Today was the day that I finally got that Half Marathon monkey off my back! (Pardon the pun)

About a year ago I was booked in to run my first Half Marathon. But due to a lingering bout of the flu, that didn’t quite go to plan. And ever since that day something (timing, injury, a party the night before which included free wine) has always got in the way of me being able to tick one off the list.

But that all changed today and I’m no longer a Half Marathon virgin. My cherry has been officially popped!

And what a beautiful Brisbane winters day it was. Running temperatures in the low teens with clear blue skies and a slight breath of wind to take the edge off those hot bodies. And what a display of bodies! This is exactly why I love these events and this sport. There are all shapes, sizes, ages and genders having a crack and looking for a new PB. They all have a story to tell and man, you can’t judge a book by its cover. I was passed by people running with their dogs, an old Chinese lady that looking like she was about 70 and a young fella dressed as Darth Vader, complete with light saber. Thankfully I caught up to and passed the guy pushing the pram, as I can’t stand being prammed!

Oh and some terms you may need to remember for future running related posts include:

• Chicked – being passed by a female runner

• Prammed – being passed by someone pushing a pram

• Chicked and prammed – being passed by a female runner pushing a pram

• Dogged – being passed by someone running with their dog

• Chicked, prammed and dogged – the ultimate embarrassment for a highly competitive male runner

Thank you to Matt Archer for broadening my vocabulary when I first started running.

The course takes in all the sites of Brisbane city including the Botanical Gardens, Story Bridge, Kangaroo Point Cliffs, Southbank, West End, Go Between Bridge and the bicentennial bikeway. However unlike the Gold Coast Half Marathon this course has some interesting hills and undulations which you may find tricky if you haven’t been doing your hill training sessions. The run starts with a climb up Margaret Street and then weaves its way through the city towards another climb up Ivory Street and over the Story Bridge. This is where it gets a bit tight and highlights the importance of starting with similar paced runners.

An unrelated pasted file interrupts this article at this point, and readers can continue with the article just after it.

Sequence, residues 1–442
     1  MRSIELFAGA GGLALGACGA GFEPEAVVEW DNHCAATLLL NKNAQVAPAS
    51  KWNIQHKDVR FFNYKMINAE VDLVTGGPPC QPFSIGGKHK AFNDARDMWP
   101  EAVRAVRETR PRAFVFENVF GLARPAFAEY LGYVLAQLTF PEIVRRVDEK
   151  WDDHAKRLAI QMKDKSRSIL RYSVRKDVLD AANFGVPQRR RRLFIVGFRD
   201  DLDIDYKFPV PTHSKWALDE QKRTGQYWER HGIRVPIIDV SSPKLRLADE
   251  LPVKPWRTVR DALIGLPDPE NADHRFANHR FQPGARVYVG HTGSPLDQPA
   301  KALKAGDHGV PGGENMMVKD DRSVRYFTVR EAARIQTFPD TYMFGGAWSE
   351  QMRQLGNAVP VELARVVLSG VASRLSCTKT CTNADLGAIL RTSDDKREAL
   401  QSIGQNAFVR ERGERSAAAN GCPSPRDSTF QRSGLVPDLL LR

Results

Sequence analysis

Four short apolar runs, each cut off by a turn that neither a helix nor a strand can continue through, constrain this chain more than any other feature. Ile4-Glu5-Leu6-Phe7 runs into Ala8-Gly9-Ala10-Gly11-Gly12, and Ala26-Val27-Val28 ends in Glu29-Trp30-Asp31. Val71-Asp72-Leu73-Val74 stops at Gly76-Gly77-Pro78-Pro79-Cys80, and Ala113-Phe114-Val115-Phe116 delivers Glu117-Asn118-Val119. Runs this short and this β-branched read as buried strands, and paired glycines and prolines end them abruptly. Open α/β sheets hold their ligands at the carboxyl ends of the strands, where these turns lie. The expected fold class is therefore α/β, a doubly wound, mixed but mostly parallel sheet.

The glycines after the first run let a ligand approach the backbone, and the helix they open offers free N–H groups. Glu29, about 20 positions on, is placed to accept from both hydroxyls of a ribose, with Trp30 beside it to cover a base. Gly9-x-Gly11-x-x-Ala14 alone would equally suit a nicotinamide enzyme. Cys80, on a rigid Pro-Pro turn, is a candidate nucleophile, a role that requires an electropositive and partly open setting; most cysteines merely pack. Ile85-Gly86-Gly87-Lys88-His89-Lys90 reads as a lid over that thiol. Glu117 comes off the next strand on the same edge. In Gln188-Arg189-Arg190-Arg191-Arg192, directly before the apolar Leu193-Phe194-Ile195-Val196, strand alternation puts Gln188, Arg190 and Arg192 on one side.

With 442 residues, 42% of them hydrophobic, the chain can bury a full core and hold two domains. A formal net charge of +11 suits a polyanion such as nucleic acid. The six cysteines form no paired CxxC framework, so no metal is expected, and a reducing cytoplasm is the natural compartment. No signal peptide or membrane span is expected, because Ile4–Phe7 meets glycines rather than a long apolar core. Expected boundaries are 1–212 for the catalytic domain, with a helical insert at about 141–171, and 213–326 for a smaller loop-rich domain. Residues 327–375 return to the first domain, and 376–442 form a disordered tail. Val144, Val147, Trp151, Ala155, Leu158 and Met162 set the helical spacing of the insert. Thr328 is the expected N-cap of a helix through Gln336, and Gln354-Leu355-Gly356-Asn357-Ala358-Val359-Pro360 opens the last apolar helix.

Once you get over the bridge the paths widen and you can once again comfortably settle into your own pace. From there you can take in the sites as you run along the Kangaroo Point cliffs, Southbank and past the State Library heading out towards West End. The next challenge comes at about the 13km mark when you’re faced with the rolling hills of Montague Rd. This seemed to take the edge off a lot of runners with others following my plan of surging the hills and catching my breath on the way down. It was also at this point that the little Chinese lady sailed past me in a puff of smoke.

At the 15km mark you’re presented with the Go Between Bridge climb. It was steep, but thankfully relatively short and once over the top you got a nice long downhill onto the Bicentennial Bikeway heading towards Milton. This once again got a little squishy as hundreds of runners jostled for position along the bikeway in both directions. However, it all added to the atmosphere of the day and the challenge that is the Brisbane Half marathon.

My plan for the day was: